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Posted on 17 June 2024

Refugee Week 2024: Harmony in Diversity

Due to ongoing conflict around the world, many refugees – including women and children – flee their homes and find themselves in towns like ours.

Since it’s Refugee Week, we’re shining a spotlight on the resettlement services offered by Gateway – and showing everyone how helping refugees can help us all achieve ‘Harmony in Diversity’ and improve our communities for all.

What do Gateway do?

Gateway are a homelessness prevention charity with roots throughout the Lancashire. We offer homelessness and resettlement services that help many people, including refugees, find long-term, sustainable housing. We want to ensure refugees settle in, feel valued, able to be themselves and lead happy and productive lives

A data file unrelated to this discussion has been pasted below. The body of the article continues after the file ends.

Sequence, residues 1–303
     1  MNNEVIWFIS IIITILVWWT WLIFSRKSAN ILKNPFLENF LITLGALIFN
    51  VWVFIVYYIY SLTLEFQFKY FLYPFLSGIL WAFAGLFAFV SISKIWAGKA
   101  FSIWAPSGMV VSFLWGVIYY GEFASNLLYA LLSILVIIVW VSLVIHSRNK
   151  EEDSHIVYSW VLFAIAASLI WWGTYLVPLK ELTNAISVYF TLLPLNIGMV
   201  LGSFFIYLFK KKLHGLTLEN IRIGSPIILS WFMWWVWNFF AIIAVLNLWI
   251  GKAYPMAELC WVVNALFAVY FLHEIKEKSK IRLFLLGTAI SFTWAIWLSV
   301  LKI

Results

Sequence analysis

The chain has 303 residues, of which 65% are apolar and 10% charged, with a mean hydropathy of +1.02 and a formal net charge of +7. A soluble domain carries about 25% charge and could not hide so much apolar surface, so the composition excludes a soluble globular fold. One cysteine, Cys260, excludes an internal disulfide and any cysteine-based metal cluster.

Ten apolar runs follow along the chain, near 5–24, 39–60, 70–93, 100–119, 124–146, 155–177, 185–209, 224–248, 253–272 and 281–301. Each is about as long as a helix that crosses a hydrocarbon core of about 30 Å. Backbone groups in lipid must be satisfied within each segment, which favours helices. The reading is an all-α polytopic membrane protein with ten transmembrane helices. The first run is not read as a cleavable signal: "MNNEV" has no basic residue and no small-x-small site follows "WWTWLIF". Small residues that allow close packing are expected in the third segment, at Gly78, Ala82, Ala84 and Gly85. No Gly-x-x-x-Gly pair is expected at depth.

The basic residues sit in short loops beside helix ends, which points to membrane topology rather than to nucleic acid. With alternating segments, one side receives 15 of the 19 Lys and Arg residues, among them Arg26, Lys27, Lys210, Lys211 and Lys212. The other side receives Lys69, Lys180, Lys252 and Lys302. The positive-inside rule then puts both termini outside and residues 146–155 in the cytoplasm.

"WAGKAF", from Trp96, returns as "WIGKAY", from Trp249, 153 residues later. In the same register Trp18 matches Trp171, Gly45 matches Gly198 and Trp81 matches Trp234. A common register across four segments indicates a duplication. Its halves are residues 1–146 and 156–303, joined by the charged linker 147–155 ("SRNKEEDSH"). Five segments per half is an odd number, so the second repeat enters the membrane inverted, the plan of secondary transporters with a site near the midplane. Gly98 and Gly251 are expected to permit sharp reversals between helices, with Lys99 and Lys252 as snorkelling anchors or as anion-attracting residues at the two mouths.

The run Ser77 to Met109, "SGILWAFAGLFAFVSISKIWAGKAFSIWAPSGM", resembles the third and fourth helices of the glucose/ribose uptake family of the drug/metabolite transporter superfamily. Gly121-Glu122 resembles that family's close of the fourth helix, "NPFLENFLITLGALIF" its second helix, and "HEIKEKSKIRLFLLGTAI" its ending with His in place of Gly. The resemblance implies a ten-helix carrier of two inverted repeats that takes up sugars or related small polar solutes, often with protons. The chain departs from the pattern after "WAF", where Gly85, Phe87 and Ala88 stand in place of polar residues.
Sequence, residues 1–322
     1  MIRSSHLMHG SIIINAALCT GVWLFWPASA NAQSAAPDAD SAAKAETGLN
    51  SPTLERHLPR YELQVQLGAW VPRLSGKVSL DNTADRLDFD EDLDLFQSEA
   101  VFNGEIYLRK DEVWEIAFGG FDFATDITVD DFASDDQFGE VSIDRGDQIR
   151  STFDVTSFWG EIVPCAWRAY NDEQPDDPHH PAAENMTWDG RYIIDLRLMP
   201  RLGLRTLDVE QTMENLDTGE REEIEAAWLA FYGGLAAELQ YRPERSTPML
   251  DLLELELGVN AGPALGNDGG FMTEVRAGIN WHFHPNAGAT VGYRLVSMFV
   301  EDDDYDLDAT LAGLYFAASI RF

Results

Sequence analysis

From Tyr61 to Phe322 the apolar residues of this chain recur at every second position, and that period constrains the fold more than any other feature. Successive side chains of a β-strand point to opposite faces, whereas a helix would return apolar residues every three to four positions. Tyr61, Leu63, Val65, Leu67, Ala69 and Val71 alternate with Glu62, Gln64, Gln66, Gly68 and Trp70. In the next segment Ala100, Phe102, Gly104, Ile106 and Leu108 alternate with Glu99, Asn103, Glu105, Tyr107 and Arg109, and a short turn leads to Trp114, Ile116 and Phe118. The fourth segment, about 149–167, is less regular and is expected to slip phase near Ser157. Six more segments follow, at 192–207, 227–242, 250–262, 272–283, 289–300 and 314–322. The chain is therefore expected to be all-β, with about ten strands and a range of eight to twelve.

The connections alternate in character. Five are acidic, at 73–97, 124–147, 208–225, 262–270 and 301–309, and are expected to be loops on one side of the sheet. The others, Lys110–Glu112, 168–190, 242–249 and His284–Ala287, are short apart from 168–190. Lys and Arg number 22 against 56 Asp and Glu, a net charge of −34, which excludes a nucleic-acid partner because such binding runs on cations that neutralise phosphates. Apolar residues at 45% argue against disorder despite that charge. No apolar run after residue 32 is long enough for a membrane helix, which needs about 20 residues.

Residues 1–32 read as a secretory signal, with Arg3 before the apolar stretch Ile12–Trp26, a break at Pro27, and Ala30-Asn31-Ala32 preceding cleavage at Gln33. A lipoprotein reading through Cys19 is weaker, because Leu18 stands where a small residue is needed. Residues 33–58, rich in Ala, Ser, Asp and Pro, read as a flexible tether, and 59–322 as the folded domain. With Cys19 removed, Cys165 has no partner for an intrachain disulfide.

How Gateway services help refugees

Gateway help refugee families as they find a home. Our Resettlement Team’s aim is to help refugees integrate into the UK and live sustainable, productive and healthy lives.

Refugees are referred to Gateway by local authorities, providing support for any refugees eligible under the UK Home Office resettlement schemes. These schemes include: The Afghan Relocations and Assistance Policy (ARAP), UK Resettlement Scheme (UKRS) and Homes for Ukraine (HFU).

Support provided to help refugees adjust to life in the UK includes language courses (if that is a barrier), benefits and finance, health and wellbeing, housing, education and training, social and leisure, employment and volunteering, and legal advice.